Disquietude grows in Tokyo as nuclear threat rises, shocks rumble on

17:21, March 16, 2011      

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The photo released by Tokyo Electric Power Co. on March 16, 2011, shows No.3 reactor (L) and No.4 reactor of the Fukushima Daiichi plant. The fire struck on early Wednesday at the building housing of the No.4 reactor of the Fukushima Daiichi plant, 240 km (150 miles) north of Tokyo. (Xinhua/AFP Photo)

Tokyo, known as a high-tech, bustling metropolis, is also an opportunistic city.

Millions of people, lured by its riches, perpetual neon, pulsing shopping and entertainment districts and all-round 24-hour lifestyle, choose to live, work, play and visit the area.

But following the disastrous earthquake and ensuing tsunami that ravaged the northeastern Pacific coastal regions of the country and knocked out critical cooling functions at a faltering nuclear plant in Fukushima Prefecture, the nation's capital has taken on a new pensive, bemused character.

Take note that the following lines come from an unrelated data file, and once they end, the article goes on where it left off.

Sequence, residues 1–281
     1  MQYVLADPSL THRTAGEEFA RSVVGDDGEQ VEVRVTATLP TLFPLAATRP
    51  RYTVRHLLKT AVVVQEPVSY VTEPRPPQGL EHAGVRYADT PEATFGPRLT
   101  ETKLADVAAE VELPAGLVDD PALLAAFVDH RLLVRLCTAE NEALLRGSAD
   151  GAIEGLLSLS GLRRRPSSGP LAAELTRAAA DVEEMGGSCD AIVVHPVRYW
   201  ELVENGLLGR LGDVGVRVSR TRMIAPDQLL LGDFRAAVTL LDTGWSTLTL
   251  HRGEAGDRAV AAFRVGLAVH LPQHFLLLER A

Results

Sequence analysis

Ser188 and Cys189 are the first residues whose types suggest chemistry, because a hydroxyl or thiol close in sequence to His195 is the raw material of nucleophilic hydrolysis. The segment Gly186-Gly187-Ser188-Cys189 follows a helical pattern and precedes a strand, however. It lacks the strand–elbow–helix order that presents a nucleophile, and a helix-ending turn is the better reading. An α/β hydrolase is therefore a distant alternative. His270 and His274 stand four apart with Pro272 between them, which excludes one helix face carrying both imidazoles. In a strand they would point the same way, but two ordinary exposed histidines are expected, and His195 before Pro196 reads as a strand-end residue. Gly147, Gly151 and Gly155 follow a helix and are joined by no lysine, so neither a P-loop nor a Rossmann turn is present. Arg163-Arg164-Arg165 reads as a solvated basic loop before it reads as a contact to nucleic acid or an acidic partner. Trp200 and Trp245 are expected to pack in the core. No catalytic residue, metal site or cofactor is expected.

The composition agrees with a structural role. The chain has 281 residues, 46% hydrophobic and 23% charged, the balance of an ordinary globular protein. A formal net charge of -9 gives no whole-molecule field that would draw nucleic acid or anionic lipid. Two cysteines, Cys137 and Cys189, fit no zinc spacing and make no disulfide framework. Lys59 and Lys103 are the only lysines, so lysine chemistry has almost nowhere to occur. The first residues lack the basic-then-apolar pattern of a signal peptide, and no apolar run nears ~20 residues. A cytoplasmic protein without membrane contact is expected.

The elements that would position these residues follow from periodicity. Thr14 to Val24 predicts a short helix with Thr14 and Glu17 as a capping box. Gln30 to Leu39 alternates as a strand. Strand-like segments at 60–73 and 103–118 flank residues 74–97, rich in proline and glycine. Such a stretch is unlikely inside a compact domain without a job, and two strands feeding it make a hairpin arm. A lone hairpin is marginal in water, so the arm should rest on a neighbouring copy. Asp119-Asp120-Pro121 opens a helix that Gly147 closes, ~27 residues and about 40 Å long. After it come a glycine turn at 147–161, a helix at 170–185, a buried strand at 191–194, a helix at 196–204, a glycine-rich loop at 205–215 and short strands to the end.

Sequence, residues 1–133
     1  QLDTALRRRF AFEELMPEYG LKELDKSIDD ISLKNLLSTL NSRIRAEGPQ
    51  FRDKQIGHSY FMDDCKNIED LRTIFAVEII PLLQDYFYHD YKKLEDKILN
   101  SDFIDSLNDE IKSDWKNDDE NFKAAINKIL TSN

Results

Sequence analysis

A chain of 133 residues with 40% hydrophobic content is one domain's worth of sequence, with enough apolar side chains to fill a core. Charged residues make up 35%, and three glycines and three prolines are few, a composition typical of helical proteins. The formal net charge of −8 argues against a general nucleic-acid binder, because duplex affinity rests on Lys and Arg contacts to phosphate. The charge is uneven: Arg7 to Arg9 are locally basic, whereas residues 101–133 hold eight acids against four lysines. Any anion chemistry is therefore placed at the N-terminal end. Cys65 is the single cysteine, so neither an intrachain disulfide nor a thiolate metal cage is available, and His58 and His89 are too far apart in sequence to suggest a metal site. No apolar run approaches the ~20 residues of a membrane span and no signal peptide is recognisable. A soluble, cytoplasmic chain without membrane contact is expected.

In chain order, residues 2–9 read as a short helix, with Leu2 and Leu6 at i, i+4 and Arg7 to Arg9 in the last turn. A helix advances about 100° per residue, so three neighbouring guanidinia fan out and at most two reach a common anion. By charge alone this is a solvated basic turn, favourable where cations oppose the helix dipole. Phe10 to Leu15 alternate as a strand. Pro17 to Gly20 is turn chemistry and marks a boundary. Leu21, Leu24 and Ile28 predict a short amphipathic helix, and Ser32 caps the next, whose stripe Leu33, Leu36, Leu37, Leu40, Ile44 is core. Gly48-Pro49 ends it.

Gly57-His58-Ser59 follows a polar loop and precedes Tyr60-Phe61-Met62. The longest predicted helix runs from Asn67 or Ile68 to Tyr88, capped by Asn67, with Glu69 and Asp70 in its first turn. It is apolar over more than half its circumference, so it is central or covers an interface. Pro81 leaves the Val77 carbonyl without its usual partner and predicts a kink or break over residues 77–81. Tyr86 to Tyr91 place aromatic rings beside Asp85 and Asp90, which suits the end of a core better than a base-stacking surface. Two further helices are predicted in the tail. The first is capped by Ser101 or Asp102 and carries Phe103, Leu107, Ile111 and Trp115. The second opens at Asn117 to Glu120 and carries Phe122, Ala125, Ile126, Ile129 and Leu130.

Public transportation systems in the metropolis are famed for their precision and efficiency. It is said the trains are so punctual in Tokyo that you can set your watch by them.

But currently railway firms are running at reduced capacity to save much needed power to avoid a nationwide blackout.

However, it would seem that commuters are the last to find out about the delays, and rush hours in the city are scenes of millions of fearful, fatigued, despondent workers -- all in disarray, battling to get to and from their offices.

"It's really tough here in the city," said Taka Sakai, an IT engineer working in the Akasaka region of the city.

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